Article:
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Learn about peasant cuisine

Cultural and


Cultural and

Peasants possess
a greater sense of
sharing than city dwellers.

In my travels, I've noticed that most peasants are quick and gracious in offering their hospitality. Personal and group integrity also tends to be stronger among the peasantry. As Cato the Elder observed in 200 B.C., "Farmers are, of all men, the least given to vice." This value is ingrained in the peasants' way of life, because there are fewer people for them to depend on in times of adversity. Firm and lasting bonds must be made with neighbors.

Religion and folk tradition
in general is more closely
tied to the eating ritual.

It is not uncommon, for example, for the women in a peasant household to spend several days before a holiday preparing the dishes of their ancestors.

Means of identification

Peasants unconsciously use their culinary traditions to identify themselves with their peer group and to exclude outsiders from membership in their group. Their unique cuisine gives them psychological reassurance that they are a special people. It also binds them, an essential quality when a hostile force threatens them.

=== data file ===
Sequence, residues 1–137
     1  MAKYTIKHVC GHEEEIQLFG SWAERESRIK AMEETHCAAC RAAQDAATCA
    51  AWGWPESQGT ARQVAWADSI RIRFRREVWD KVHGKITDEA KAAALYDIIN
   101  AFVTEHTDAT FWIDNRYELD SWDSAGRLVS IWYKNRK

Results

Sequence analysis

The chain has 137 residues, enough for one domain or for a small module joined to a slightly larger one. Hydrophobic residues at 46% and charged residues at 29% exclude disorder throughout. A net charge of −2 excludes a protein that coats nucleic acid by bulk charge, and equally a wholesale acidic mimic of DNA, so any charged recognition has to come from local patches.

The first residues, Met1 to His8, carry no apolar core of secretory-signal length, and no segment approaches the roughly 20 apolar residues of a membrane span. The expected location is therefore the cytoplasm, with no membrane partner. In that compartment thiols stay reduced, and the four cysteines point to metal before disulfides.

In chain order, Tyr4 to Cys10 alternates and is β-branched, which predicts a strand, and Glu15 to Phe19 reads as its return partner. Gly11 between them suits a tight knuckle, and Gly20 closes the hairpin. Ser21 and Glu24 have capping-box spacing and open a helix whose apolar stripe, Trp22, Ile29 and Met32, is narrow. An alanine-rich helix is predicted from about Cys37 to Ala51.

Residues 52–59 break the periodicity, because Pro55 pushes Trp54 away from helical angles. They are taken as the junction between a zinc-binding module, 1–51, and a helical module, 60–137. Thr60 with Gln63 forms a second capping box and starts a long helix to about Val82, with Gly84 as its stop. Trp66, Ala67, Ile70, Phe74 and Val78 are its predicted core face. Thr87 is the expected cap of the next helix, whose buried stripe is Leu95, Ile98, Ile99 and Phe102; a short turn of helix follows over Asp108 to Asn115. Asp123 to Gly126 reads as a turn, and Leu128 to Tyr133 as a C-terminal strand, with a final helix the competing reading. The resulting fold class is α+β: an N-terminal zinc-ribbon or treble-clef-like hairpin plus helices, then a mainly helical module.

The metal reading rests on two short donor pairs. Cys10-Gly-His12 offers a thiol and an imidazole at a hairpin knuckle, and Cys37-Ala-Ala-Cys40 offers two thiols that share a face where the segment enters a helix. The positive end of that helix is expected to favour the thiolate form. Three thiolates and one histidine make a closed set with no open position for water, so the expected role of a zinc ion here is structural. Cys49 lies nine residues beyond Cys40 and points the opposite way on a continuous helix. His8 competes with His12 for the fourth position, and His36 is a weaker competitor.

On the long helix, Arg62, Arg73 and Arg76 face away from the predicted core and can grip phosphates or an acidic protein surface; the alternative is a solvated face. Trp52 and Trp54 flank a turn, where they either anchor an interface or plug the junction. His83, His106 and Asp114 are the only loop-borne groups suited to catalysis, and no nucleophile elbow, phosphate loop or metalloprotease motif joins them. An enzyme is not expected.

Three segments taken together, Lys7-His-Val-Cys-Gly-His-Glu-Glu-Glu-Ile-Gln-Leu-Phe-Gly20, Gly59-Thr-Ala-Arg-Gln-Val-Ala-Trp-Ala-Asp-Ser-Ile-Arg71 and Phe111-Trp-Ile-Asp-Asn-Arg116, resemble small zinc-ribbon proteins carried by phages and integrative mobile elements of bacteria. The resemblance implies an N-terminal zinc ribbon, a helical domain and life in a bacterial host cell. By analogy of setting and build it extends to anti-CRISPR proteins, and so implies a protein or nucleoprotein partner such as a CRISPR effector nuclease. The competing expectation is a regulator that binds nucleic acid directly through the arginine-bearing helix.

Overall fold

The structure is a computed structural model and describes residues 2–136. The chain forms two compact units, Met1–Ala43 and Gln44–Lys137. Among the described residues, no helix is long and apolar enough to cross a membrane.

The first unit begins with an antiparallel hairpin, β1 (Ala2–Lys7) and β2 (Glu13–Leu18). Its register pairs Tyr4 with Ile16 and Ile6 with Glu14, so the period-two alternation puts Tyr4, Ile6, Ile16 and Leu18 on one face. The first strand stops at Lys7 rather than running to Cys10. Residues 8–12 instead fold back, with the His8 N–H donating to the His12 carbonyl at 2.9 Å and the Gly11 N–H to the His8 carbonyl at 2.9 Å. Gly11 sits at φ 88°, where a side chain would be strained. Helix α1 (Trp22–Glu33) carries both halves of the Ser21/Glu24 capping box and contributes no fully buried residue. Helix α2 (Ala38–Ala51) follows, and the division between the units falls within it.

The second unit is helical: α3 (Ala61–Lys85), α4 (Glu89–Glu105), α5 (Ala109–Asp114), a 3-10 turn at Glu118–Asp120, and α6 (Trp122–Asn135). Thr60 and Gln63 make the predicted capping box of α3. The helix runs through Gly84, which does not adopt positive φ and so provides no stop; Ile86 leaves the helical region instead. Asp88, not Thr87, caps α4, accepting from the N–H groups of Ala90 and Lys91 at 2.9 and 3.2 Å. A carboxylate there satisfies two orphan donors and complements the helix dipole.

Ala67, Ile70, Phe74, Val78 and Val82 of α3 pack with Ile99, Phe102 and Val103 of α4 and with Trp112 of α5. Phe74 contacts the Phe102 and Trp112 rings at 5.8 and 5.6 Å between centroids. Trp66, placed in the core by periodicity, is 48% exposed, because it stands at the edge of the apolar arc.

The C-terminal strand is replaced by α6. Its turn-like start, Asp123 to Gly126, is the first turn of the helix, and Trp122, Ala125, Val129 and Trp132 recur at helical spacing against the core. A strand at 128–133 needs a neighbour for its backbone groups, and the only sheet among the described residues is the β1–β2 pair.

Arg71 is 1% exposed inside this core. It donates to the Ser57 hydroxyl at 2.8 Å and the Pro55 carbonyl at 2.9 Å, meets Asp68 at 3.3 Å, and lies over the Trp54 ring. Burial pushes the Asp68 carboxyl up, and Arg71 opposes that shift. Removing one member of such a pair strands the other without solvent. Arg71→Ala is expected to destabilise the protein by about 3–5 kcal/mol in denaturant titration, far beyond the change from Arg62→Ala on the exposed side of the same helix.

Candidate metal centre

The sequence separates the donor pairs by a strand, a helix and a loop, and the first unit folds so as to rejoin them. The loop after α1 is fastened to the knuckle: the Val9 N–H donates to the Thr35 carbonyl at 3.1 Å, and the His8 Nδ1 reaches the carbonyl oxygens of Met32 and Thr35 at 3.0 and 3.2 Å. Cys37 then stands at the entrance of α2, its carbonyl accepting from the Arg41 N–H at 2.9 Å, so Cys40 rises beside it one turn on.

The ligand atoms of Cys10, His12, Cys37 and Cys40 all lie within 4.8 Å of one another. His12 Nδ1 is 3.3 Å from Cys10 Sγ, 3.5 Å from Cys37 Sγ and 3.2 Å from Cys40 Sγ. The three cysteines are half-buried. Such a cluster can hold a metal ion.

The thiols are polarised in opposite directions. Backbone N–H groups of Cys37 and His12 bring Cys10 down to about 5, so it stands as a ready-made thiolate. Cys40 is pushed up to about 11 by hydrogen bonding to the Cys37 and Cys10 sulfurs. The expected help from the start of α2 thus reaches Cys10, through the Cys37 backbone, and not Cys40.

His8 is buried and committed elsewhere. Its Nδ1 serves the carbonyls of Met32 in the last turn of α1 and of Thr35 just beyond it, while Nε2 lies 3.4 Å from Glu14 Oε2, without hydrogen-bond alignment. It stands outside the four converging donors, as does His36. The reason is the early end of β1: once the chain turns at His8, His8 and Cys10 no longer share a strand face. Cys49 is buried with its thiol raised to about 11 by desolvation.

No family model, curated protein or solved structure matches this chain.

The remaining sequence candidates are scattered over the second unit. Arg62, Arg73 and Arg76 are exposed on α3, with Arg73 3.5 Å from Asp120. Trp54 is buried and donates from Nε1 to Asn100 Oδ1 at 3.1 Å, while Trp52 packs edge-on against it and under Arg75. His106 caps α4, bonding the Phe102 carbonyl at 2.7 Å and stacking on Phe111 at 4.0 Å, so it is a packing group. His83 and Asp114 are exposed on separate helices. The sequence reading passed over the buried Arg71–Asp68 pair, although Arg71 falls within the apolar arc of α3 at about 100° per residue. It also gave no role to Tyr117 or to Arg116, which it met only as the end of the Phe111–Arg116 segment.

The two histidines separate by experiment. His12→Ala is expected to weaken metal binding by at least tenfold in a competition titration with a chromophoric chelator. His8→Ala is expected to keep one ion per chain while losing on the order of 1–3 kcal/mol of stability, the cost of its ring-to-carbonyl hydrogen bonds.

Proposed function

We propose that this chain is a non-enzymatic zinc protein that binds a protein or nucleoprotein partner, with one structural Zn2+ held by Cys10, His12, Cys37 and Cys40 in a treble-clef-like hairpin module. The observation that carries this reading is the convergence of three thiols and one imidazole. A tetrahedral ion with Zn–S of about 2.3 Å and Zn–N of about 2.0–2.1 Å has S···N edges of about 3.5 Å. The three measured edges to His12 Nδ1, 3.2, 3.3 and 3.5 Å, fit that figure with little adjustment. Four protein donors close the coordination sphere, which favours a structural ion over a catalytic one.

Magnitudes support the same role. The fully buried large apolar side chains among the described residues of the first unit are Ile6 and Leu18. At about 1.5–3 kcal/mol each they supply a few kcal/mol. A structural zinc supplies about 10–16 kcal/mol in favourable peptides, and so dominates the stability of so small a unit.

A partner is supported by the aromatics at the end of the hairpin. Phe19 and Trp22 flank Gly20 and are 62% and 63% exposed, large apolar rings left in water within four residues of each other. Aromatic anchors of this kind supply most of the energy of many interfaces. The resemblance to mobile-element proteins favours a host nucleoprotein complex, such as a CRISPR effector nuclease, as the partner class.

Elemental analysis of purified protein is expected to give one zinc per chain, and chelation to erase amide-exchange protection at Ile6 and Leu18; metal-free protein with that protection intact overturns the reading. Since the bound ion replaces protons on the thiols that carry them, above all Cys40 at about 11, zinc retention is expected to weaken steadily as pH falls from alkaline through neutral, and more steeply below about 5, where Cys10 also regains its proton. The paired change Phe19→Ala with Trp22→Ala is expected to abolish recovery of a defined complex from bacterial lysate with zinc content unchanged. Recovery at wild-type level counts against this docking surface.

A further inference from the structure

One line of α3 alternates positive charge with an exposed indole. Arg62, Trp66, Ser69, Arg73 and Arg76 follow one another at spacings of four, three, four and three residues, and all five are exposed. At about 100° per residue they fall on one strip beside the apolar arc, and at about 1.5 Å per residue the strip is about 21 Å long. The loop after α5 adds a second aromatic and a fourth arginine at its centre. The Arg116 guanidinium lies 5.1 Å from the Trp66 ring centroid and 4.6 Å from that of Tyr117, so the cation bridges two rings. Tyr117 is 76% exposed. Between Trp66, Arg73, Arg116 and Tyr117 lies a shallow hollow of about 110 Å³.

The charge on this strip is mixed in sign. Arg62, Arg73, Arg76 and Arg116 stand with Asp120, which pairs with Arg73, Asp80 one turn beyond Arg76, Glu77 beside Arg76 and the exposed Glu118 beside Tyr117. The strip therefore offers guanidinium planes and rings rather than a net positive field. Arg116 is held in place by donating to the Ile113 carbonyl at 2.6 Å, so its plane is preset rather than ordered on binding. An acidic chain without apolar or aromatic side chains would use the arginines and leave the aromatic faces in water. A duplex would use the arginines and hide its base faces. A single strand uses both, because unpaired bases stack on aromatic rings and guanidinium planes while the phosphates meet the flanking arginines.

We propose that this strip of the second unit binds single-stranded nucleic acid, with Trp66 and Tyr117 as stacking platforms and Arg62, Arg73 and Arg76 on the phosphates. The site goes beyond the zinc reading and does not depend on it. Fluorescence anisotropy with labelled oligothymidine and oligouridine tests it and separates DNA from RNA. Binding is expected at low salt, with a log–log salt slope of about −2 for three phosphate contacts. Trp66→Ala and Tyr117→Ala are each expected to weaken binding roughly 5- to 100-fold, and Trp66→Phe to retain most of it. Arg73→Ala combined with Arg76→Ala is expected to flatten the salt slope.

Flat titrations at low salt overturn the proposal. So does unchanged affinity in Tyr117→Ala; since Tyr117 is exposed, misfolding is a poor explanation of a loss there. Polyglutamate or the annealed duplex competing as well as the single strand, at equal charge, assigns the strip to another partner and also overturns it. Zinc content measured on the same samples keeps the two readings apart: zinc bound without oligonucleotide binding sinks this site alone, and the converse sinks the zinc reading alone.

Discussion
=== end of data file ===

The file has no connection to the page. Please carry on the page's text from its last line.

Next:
New foods

Because of the identification factor, peasants are less likely to try a new food. Case in point: Within the last half century, thousands of peasants in Asia and Africa starved because they refused to eat the unfamiliar ingredients imported by relief agencies.

Familiar foods

When it comes to these foods, peasants are more economy-minded than their city brethren. A country cook in China will, as the saying goes, use everything but the squeal of a pig.


The more isolated a peasant's homestead, the more sufficient they tend to be.

Emotional attachment

I've met peasants who tended to view the land not so much as a means of generating income, but as an intrinsic aspect of life itself. Not only do they develop a deep emotional attachment to the soil that furnishes their livelihood, they also focus most of their familial thoughts and hopes on that small piece of real estate.

Way to market by Boeckhorst & Snyders - 17C


Famous peasant dishes

Arroz Con Pollo  Spain
Cassoulet  France
Cha Chiang Mein  China
Couscous  Morocco
Houskove Knedliky  Czech Republic
Huevos Rancheros  Mexico
Nasi Goreng  Indonesia
Osso Buco  Italy
Oyako Donburi  Japan
Roghan Josh  India
Tom Yam Kung  Thailand
Vatapa  Brazil
Yalanci Dolma  Turkey

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